SRUC

Scotland’s Rural College (SRUC) was formed on 1 October 2012 from a small group of historical agriculture and land-based institutions:

Scottish Agriculture College

Scottish Agriculture College (SAC) itself was formed in 1990 by a merger of three other institutions – the East of Scotland College of Agriculture (1901), the Aberdeen and North of Scotland College of Agriculture (1904), and the West of Scotland Agricultural College (1899).

It was the largest institution of its type in the UK, and one of the largest in Europe. SAC also provided advisory and consultancy services to the whole of Scotland in addition to its portfolio of traditional teaching and research.

Learn more about SAC Consulting

Aberdeen and North of Scotland College of Agriculture

The Aberdeen and North of Scotland College of Agriculture (NoSCA) was founded in 1904 by a group of interested parties including the University of Aberdeen.

Teaching was initially delivered in Marischal College although it moved to 581 King Street in 1969, and to Craibstone Estate in 1999. Craibstone Estate was first leased to NoSCA in 1908 and purchased in 1912, as a site for research and fieldwork.

Discover SRUC Craibstone, Aberdeen

West of Scotland Agricultural College

The West of Scotland Agricultural College (WSAC) was formed in 1899 by a merger of The Glasgow and the West of Scotland Technical College (now the University of Strathclyde) and The Scottish Dairy Institute. It was originally based in Blythswood Square, Glasgow, but also leased Holmes Farm in Kilmarnock for practical work.

Auchincruive Estate was gifted to the College by the late John Hannan of Girvan Mains in 1927 although the College continued to deliver courses from Blythswood Square until 1974. WSAC was also known as WoSCA.

Discover SRUC Riverside, Ayr

Edinburgh and East of Scotland College of Agriculture

The Edinburgh and East of Scotland College of Agriculture (EESCA) was formed by the University of Edinburgh, the Royal Highland and Agricultural Society (RHASS) and a number of regional county councils.

It incorporated the University of Edinburgh’s Chair of Agriculture and its School of Rural Domestic Economy. Premises were initially located in George Square, and the King’s Buildings campus opened in 1960. EESCA was also known as ESCA.

Discover SRUC King's Buildings, Edinburgh

Barony Agricultural College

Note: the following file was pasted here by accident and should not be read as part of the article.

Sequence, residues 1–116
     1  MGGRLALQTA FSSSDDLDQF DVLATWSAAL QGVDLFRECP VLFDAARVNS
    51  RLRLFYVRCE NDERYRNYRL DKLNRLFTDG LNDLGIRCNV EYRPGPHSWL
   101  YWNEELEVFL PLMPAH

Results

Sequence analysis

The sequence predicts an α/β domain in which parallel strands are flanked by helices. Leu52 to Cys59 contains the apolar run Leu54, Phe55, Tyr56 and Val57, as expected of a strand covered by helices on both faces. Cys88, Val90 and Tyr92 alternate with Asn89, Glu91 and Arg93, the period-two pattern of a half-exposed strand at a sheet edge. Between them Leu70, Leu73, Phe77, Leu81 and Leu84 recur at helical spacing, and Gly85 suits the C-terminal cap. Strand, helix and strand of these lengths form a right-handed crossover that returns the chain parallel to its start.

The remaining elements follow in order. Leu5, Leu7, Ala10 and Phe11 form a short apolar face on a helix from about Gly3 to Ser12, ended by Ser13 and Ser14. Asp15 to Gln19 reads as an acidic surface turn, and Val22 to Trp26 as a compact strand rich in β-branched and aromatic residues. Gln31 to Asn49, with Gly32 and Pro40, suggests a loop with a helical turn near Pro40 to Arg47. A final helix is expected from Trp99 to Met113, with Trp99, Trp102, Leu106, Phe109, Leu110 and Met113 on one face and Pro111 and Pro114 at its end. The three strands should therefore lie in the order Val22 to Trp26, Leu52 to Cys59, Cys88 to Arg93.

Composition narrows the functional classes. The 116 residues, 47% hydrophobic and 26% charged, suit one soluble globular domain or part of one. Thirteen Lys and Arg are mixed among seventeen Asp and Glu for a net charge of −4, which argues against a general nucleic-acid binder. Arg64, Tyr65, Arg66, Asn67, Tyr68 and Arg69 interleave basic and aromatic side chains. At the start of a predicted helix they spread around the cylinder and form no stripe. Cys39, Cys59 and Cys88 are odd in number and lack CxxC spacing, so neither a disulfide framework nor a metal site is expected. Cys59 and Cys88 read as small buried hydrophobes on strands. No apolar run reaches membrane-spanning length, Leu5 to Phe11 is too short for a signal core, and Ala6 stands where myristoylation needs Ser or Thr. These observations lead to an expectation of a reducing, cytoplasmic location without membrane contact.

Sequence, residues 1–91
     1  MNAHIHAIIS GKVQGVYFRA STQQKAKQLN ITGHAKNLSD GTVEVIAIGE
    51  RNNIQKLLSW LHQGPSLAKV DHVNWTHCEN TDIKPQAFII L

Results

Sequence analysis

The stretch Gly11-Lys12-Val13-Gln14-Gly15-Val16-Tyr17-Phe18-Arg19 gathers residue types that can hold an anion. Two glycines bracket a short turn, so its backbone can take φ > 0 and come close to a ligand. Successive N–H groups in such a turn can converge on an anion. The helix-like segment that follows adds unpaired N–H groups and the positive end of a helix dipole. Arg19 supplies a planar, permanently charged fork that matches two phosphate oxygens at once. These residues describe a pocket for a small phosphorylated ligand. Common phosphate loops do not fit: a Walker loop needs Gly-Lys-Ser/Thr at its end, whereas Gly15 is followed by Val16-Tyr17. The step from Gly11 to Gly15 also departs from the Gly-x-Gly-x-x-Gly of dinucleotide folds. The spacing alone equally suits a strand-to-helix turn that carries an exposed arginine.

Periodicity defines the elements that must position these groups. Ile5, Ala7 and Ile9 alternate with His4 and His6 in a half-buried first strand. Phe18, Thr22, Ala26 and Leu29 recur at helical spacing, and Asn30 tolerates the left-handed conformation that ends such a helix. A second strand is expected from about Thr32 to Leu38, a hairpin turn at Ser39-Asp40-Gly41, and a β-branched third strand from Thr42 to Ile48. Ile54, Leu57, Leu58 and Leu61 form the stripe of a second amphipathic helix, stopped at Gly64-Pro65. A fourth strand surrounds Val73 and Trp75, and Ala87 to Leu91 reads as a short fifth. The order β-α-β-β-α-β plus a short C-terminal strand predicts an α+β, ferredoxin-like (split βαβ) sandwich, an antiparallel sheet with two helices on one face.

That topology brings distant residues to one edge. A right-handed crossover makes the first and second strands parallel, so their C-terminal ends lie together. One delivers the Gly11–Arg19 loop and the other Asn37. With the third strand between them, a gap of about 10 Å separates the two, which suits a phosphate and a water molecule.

Barony Agricultural College (1972) had opened as the Barony Farm School (1953). The Estate was purchased by Dumfries County Council Education Department for that purpose in 1949.

Day release classes began in 1962 and in 1972 it became Barony Agricultural College. Courses expanded over the 1970s and 1980s and a new teaching block was opened in 1992. The Dairy Technology Centre was opened in 2006. Barony Agricultural Colleges was also known as Barony College.

Discover SRUC Barony, Dumfries

Elmwood Agricultural College

Elmwood Agricultural College (1972) had its origins in the 1940s when Bell-Baxter continuation school delivered evening classes in agriculture , horticulture, engineering, business and general studies. Day release classes started in 1956 and Hope Park House and 5 acres of land were purchased in 1957. Springfield Farm was purchased in 1971.

The current main building was officially opened by Sir Hector Munro in 1972, and the Elmwood Golf Course opened in 1997. Elmwood Agricultural College was also known as Elmwood College.

Discover SRUC Elmwood, Fife

Oatridge College

Oatridge College (1974) – Oatridge Farm was purchased by a Working Group of Border and Lothian regions to become the first local authority residential College for further education in agriculture. Building began in 1973 and the College was officially opened by HRH The Prince Philip, Duke of Edinburgh on 2nd July 1974 with study bedrooms for 45 students. The College grew over the years to include new residences, new teaching and practical facilities.

Discover SRUC Oatridge, West Lothian

About SRUC

Learn more about SRUC as it is today, our organisational structure, departments, goals and values.

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